There is definitely something about the continuous celebration of heroic deeds that shadows care continuous successes, but I don’t want to just hold the media responsible for it. I think that recognising the usefulness of maintenance routines (housekeeping, nature conservation of non-charismatic endangered species and ecosystems, education (of any kind), care of one’s physical and mental health) would take us very far and will still leave space for heroic acts. One thing I would work on is to underline the intermediate steps between indifference and emergencies. I don’t want to either destroy nature or save a rare bird (or worse: do both!). I want to be aware of smaller and useful actions that I can do before heroes need to be called.

Learning to learn (from now on)

A few days ago I read this tumblr post and resonated with it like a gong:

Source: Tumblr

I have the sensation that in my childhood I found either things I could master right away, or things that required me some practice. I suspect that I received a lot of encouragement when I did the first kind of activities, and something in the lines of “don’t bother to practice that, you’re not as good at it as with the other things you can master right away” when I tried the others. I think I missed the opportunity to learn that some things are hard to master, and that I could not avoid practice forever.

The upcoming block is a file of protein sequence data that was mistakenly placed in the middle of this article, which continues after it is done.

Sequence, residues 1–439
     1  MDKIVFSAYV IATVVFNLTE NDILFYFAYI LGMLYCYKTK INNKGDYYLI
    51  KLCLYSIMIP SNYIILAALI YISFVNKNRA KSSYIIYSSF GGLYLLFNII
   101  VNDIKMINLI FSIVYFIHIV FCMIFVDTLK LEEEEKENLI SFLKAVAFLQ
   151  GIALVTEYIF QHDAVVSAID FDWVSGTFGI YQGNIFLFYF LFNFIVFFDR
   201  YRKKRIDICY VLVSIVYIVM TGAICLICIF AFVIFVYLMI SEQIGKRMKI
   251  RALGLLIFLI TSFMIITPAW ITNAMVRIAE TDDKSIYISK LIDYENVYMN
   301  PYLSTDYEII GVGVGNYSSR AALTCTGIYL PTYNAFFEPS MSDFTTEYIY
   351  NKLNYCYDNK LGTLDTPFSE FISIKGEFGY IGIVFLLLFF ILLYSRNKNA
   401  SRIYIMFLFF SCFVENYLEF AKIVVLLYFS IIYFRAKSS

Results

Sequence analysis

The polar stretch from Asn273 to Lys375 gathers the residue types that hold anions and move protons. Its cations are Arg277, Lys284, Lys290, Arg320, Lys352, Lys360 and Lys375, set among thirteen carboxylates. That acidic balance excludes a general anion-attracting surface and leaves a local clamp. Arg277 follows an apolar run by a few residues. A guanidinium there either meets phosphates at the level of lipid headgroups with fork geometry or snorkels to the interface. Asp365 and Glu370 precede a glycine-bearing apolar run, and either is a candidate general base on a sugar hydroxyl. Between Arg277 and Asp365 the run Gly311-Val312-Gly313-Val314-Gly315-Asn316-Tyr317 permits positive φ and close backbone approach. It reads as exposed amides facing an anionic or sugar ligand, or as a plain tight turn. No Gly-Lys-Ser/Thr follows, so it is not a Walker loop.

I’m not a fan of the “if you ain’t sweating, you ain’t doing it right” either; but rather of a reasonable amount of practice, mistakes and lessons learned, that make the goal worth reaching. I feel like I am learning how to learn only since last year or so, because I had the privilege (or curse?) of mastering enough necessary skills without (perceived) effort, and I lived off this treasure until recently. The downside is that I am a bit old to start learning how to learn, so it looks odd to most other people who encountered this hurdle in their childhood, and I get more puzzled looks than helpful hands. Anyway, now that I realised where I am, and which path I want to follow, I can start walking.

Source: The Latest Kate

Book recommendation: “The life-changing magic of tidying up” by Marie Kondo

LIFE-CHANGING-TIDYING-UP

I bought this book a few years ago and I cherish it, as a call for more clarity, simplicity, lightness in life. There is something deeply liberating in trying out KonMari‘s advice to gather all items of a specific type, see them all together, see the different ages of your life from where they come from, and decide to keep the ones that sparkle joy. This is a very condensed summary of her method, that she explains in detail in the book, with a great deal of thoughtful tips. I am aware that this book is very very popular and that countless reviews have already been made; still, I wish to shout my little +1 for it. One can decide not to answer the call immediately, but could consider specific tidying advice, and improve one thing at a time.